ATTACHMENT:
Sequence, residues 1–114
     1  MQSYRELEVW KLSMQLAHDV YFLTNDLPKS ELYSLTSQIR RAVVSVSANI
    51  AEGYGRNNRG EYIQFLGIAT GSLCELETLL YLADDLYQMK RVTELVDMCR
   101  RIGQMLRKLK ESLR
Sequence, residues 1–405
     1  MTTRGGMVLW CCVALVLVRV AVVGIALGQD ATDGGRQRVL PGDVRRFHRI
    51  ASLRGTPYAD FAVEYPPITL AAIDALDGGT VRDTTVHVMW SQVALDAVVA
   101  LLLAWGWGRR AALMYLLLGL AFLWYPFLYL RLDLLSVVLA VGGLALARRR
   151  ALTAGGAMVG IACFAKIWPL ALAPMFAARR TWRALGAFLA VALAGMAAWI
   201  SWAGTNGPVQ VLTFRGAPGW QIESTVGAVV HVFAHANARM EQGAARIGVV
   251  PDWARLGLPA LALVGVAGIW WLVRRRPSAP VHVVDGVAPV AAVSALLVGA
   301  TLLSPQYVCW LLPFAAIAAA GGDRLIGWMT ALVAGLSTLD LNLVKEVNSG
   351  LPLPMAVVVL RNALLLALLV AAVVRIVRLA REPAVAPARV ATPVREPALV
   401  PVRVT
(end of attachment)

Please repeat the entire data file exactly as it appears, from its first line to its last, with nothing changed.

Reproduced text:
Sequence, residues 1–114
     1  MQSYRELEVW KLSMQLAHDV YFLTNDLPKS ELYSLTSQIR RAVVSVSANI
    51  AEGYGRNNRG EYIQFLGIAT GSLCELETLL YLADDLYQMK RVTELVDMCR
   101  RIGQMLRKLK ESLR
Sequence, residues 1–405
     1  MTTRGGMVLW CCVALVLVRV AVVGIALGQD ATDGGRQRVL PGDVRRFHRI
    51  ASLRGTPYAD FAVEYPPITL AAIDALDGGT VRDTTVHVMW SQVALDAVVA
   101  LLLAWGWGRR AALMYLLLGL AFLWYPFLYL RLDLLSVVLA VGGLALARRR
   151  ALTAGGAMVG IACFAKIWPL ALAPMFAARR TWRALGAFLA VALAGMAAWI
   201  SWAGTNGPVQ VLTFRGAPGW QIESTVGAVV HVFAHANARM EQGAARIGVV
   251  PDWARLGLPA LALVGVAGIW WLVRRRPSAP VHVVDGVAPV AAVSALLVGA
   301  TLLSPQYVCW LLPFAAIAAA GGDRLIGWMT ALVAGLSTLD LNLVKEVNSG
   351  LPLPMAVVVL RNALLLALLV AAVVRIVRLA REPAVAPARV ATPVREPALV
   401  PVRVT